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'The Good Lord Bird' review: John Brown's story as tragicomic farce

Ethan Hawke as John Brown and Joshua

 Ethan Hawke as John Brown and Joshua Caleb Johnson as Onion in Showtime's  "The Good Lord Bird." Credit: SHOWTIME/William Gray

LIMITED SERIES "The Good Lord Bird"

WHEN|WHERE Premieres Sunday at 9 p.m. on Showtime.

WHAT IT'S ABOUT When abolitionist John Brown (Ethan Hawke) and his sons come to Kansas territory in the late 1850s to support the "Free-Staters" — those battling to keep slavery out of the proposed state — Brown adopts a young boy, Henry Shackleford (Joshua Caleb Johnson, "Snowfall"), who is suddenly orphaned when his father is killed during a violent confrontation. Unsure of Henry's gender, Brown decides he's a girl, and dresses him appropriately. Henry, who just wants to survive, isn't about to argue the point. As they make their way around the country in search of money and support for the cause, Brown and "Little Onion" (his nickname for Henry) meet other famous personages, like Harriet Tubman (British actress Zainab Jah, in a brief but important cameo) and Frederick Douglass (Daveed Diggs). This limited series is based on James McBride's 2013 novel, a National Book Award winner.

MY SAY With vermilion crown and three-foot wingspan, the ivory-billed woodpecker was once a wonder of the southern woods. When it took to flight, observers would at first yawp ("good lord!") then take a shot. A wonder no more, it's now extinct.

That's McBride's metaphor for John Brown, and to an extent, Hawke's inspiration. His performance is all thunder and tarnation, bluster and rage. As he spreads his arms and throws back his head — the spittle flying, the Old Testament beard shaking — you almost expect him to take flight too. Instead, he's an earthbound Charlton Heston howling on the mountain.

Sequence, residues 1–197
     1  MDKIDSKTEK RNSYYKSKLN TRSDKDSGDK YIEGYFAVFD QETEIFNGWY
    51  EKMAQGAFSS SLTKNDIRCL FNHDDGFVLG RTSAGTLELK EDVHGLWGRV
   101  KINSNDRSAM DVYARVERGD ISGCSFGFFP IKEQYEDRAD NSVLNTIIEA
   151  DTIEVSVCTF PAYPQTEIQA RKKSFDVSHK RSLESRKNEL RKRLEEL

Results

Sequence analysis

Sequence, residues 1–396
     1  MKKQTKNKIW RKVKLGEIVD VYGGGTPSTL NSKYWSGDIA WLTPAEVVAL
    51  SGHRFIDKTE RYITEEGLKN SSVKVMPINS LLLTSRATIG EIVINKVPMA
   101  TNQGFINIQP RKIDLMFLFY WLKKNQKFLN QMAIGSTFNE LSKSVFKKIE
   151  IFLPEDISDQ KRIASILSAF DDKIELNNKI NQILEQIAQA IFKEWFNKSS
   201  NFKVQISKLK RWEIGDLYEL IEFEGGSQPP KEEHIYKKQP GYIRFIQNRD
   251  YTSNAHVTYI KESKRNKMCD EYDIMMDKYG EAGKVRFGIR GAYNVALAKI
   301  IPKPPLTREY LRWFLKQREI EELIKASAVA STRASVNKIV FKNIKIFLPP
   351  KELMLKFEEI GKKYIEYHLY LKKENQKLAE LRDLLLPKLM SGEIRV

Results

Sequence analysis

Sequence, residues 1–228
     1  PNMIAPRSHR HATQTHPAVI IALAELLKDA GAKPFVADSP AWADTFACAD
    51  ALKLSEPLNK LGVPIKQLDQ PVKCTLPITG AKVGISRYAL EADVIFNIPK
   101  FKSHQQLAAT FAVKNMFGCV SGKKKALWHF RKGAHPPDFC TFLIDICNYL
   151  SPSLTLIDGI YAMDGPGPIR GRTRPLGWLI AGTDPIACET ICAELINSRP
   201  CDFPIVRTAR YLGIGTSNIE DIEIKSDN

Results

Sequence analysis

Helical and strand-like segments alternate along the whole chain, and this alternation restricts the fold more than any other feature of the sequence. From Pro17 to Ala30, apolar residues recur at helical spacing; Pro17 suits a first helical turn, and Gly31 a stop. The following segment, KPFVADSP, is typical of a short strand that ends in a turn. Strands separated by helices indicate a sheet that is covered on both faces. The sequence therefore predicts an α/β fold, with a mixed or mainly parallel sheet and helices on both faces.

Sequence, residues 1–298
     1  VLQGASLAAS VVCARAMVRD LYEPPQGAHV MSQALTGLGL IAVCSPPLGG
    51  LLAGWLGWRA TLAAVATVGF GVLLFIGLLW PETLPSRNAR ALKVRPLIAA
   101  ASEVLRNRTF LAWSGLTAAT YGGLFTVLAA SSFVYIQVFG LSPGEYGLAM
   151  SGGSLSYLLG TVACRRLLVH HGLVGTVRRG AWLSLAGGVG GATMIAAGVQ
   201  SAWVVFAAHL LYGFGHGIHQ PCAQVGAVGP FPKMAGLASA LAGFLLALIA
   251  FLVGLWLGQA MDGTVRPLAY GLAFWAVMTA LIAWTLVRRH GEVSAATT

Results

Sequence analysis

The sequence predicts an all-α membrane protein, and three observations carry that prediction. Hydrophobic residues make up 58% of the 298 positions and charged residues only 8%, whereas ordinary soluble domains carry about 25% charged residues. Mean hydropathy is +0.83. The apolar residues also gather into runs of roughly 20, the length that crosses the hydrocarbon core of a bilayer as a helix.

Farce is inevitable, and farce is intended, to which you might ask: Too soon? Too soon to make fun of Brown who's still a-mouldering in the grave, or "Bleeding Kansas," or slavery and the enslaved? McBride's acclaimed novel made short work of those questions, and so does the TV adaptation. History doesn't necessarily repeat itself as farce here — history is farce.

"The Good Lord Bird" can be funny but its laugh lines are mostly muted. This isn't, in other words, "Django Unchained" (although it can be just as violent). Hawke and his "Good Lord Bird" clearly admire Brown but they also see him as a tragic figure who, when viewed from a slightly different angle, is a comic one — a Don Quixote and his windmill or Ahab and his whale. His fate was foretold but it also shook the foundations of this country and we feel the tremors to this day. There's only so much humor anyone can squeeze out of that premise.

The more interesting character — and equally important one — is Henry, or "Henrietta," as he's called when he doesn't answer to Onion. Neither free nor enslaved, male or female, child or adult, Henry occupies an ambiguous middle ground. He's an enigma to all except Brown who idolizes "her," but Henry sees his role with perfect clarity: "Lying come naturally to all Negroes during slave time," he explains in voice-over, because "much of colored life was an act."

There's a little or a lot of Huck Finn in Henry too. Huck — who also famously dressed as a girl at one point — gradually came to see what slavery and slaveholders were all about but Henry already knows all too well. Instead, from that ambiguous middle ground, he sees with perfect clarity what people are all about — their vanities, their evil side, even their good. When Tubman tells him that "slavery has made a fool out of a lot of folks — when you slave a person, you slave the one in front and the one behind," he knows exactly what she means.

Watching this tragicomic farce, so will you.

BOTTOM LINE As good as Hawke is here, Johnson just might be better. A winner.

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